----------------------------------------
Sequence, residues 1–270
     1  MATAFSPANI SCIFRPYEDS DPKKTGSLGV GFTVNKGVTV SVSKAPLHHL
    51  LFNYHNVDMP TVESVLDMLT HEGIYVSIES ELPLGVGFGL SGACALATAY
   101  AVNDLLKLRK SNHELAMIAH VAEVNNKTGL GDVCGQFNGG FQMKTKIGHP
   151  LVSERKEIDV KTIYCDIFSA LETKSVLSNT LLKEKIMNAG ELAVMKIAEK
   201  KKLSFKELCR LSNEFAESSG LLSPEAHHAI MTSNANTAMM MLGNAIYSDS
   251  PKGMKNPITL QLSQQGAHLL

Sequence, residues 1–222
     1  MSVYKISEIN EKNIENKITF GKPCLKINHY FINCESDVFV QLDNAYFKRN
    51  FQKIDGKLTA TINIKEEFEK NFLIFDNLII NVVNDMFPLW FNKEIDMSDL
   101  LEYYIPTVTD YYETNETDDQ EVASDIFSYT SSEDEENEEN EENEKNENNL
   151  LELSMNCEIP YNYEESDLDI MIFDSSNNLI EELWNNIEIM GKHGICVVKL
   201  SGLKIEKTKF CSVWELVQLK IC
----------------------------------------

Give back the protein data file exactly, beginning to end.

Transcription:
Sequence, residues 1–270
     1  MATAFSPANI SCIFRPYEDS DPKKTGSLGV GFTVNKGVTV SVSKAPLHHL
    51  LFNYHNVDMP TVESVLDMLT HEGIYVSIES ELPLGVGFGL SGACALATAY
   101  AVNDLLKLRK SNHELAMIAH VAEVNNKTGL GDVCGQFNGG FQMKTKIGHP
   151  LVSERKEIDV KTIYCDIFSA LETKSVLSNT LLKEKIMNAG ELAVMKIAEK
   201  KKLSFKELCR LSNEFAESSG LLSPEAHHAI MTSNANTAMM MLGNAIYSDS
   251  PKGMKNPITL QLSQQGAHLL

Sequence, residues 1–222
     1  MSVYKISEIN EKNIENKITF GKPCLKINHY FINCESDVFV QLDNAYFKRN
    51  FQKIDGKLTA TINIKEEFEK NFLIFDNLII NVVNDMFPLW FNKEIDMSDL
   101  LEYYIPTVTD YYETNETDDQ EVASDIFSYT SSEDEENEEN EENEKNENNL
   151  LELSMNCEIP YNYEESDLDI MIFDSSNNLI EELWNNIEIM GKHGICVVKL
   201  SGLKIEKTKF CSVWELVQLK IC